The one trick to getting more things done during the day - productivity and life coach
Ciara Conlon (46) is a productivity and life coach. A former software engineer, she reassessed her life on maternity leave. She lives in Skerries with her husband, Ockie. They have three sons - Jordan (22), Kai (14) and Troy (12)
For years, I tried to get up early and exercise first thing in the morning. I'd do it for a while, and then I'd stop. It just didn't go with my personality. I understand personalities, especially with my work as a productivity and life coach. It was important to understand myself, too.
Now, I get up at 6am and I meditate. I'm not a morning person, and I have spent 10 years trying to hone this habit. It still doesn't work perfectly, but meditation is the key. It makes it easier for me to get up. Every day is different, but I always start with 20 minutes meditation. I get up, go into the bathroom and then get back into bed to do it.
I get bored quickly, so I vary my habits. I listen to different guided meditations, ranging from Deepak Chopra to Gabrielle Bernstein. Meditation starts the day in a positive way. When I don't do it, I see the difference. Then I write in my gratitude journal - be thankful for three things every day.
I have three boys. The eldest is in Vancouver, and in the mornings the other two need to be dragged out of the bed. My husband gets up at 5.30am, and is in the sitting room, doing yoga. His name is Ockie, and he is from South Africa.
Next, I walk the dog. It's a 20-minute walk. I do it no matter what the weather. The dog needs to be walked. We have a golden retriever, and he is whining around the place, looking to get out. The walk is a calming experience. I don't think about planning the day. I am just present, absorbing these sights and smells around.
Having these morning routines sets you up for the day. When you've achieved something in the morning, you feel better about your day. The power in sticking to the routine is that your day goes much better. It's easier to stack a good habit on another one. I have porridge for breakfast. We eat healthily. One of my teenagers complains that we are one of the healthiest families in Skerries.
I'm a leadership and productivity coach. I also do life coaching. My day varies between running workshops and coaching. I could be doing one-to-ones with a CEO, helping organise workflow and workspaces in a good way. A lot of the work I do is corporate, but I do work with small businesses as well.
Also, I've written two books - Chaos to Control and Productivity for Dummies. Most people who work in small organisations spend their day reacting. They look at their emails and spend all day reacting to all the things that other people want them to do. I ask them to make very simple changes to their current way of working. I want them to be proactive, to plan, and to put their own priorities first.
The trick for productivity
Not starting your day with emails is a very simple thing, and everybody has heard about it, but they are not living it. People still do it. It just knocks you off course. I do it myself sometimes, and then you find that it's 11am and you haven't done any work. You want to do some real work and achieve something. I also teach people to say no, to recognise that their time is important, and they need time without interruptions. They should batch-process emails at certain times during the day.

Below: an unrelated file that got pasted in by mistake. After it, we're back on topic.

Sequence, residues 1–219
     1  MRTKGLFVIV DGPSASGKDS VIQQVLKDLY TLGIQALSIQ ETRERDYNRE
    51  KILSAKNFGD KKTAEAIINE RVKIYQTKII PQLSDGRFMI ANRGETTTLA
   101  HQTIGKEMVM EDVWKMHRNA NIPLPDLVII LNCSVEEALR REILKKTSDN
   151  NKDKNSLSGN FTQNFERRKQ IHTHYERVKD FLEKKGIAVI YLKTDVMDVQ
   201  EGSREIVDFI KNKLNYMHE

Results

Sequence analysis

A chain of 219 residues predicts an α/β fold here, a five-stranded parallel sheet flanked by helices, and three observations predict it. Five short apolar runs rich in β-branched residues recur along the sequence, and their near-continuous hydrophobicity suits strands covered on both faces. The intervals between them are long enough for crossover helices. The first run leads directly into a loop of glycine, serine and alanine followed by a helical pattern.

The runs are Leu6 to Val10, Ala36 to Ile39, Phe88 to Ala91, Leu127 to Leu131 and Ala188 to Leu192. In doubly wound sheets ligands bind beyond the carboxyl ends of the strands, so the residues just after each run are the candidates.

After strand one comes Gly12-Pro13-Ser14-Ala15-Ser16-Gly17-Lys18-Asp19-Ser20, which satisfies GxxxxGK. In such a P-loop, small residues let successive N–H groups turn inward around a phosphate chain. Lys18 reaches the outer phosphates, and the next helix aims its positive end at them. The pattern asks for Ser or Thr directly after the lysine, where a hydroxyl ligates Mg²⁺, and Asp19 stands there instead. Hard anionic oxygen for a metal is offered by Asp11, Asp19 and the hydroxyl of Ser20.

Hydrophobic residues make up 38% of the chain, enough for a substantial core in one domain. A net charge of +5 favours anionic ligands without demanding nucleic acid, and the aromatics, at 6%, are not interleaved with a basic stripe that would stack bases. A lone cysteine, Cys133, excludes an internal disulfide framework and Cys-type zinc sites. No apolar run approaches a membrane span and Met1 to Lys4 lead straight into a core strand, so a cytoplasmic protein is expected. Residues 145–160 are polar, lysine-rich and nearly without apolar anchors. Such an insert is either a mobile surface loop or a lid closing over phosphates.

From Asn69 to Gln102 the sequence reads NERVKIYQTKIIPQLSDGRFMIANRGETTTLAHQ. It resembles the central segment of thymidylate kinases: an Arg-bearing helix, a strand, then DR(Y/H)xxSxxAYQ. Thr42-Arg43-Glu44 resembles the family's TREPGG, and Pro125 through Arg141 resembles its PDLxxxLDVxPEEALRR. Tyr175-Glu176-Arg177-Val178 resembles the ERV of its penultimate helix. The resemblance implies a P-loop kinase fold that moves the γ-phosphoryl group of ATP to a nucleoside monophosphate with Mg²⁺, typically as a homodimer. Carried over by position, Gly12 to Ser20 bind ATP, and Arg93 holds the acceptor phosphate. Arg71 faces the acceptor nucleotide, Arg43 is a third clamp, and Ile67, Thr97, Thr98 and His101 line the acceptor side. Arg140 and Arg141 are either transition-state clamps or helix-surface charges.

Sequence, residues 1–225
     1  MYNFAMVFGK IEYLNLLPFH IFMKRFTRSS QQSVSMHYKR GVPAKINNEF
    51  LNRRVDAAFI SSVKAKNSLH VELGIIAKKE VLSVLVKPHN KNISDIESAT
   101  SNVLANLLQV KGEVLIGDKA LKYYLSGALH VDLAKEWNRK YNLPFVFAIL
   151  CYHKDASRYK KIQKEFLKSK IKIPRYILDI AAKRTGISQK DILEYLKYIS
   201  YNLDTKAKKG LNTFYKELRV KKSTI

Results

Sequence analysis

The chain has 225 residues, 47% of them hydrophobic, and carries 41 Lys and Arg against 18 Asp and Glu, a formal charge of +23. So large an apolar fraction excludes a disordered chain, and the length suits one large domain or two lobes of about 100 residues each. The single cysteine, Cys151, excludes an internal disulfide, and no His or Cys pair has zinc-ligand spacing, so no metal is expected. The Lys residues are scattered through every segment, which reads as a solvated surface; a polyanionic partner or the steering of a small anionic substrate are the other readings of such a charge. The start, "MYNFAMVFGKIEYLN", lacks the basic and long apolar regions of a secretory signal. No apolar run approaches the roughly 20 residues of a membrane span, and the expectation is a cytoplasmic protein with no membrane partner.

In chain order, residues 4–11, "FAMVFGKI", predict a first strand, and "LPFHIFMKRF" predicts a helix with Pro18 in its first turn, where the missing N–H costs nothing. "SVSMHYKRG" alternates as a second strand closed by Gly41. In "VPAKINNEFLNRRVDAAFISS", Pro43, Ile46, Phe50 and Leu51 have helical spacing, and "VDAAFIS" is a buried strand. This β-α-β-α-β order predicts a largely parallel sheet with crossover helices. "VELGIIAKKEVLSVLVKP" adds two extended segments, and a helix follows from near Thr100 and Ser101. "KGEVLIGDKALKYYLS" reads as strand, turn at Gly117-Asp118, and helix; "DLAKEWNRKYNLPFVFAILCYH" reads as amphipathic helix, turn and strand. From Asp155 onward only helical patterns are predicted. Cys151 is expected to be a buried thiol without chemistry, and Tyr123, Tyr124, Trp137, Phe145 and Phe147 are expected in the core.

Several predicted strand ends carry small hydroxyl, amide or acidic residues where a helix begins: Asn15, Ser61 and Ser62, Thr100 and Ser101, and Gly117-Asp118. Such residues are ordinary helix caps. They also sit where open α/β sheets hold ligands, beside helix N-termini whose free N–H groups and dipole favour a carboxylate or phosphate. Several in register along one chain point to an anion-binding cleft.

When I go in, I see everybody scrambling - going from one meeting to the next and not working strategically. A simple tip I give them is to start their day with their calendar; to use their calendar for planning their own work, as opposed to meetings. So they plan out their priorities.
Productivity is about recognising what is important to you and getting it done. It's about achieving your goals, and they can be anything in life - from organising your home, to starting a business. Basically, it's about making life work for you.
Sometimes people feel overwhelmed with all the things they have to do. I used to be like that. I'm not a naturally organised person and my brain doesn't work that way, but I have introduced systems and routines that make my life easier. It was all about getting rid of clutter.
I started to clear out my wardrobe and my kitchen. All that clutter affects your subconscious. I got organised physically, and then mentally. You have to ask yourself: 'What do I need to do? What do I have to do? What would I like to do?' I'm a great believer in writing things down. If you are carrying all that around in your head, you are minimising the processing power of your brain. It's all about personal productivity.
The overall priority with life coaching is happiness. I can be gentle, but I also try to push people. I tell them to take responsibility. You have to figure out what are the excuses. What is holding you back? A lot of the time, after people do life coaching, they end up changing careers. That's what happened to me. I used to be a software technical support engineer. I've designed a new programme this year, called Design a Life You Love.
In the evenings, we try to sit down and have dinner together. But some nights, the boys have football training. I make a lot of people jealous when I tell them that my husband does most of the cooking. I have to be careful. I cook the odd time, so that he doesn't lose the passion. I go to bed at 11pm. I like to read in bed.
Before I go to sleep, I look at my vision-board, which is at the foot of my bed. It's a visual representation of my goals and what I want in life. I know that some people get up at 4am. That's fine, as long as you go to bed at 9pm. I need my sleep.
In conversation with Ciara Dwyer
Ciara's Public Productivity Workshop is on March 9 at Red Cow Moran Hotel, Naas Rd, Co Dublin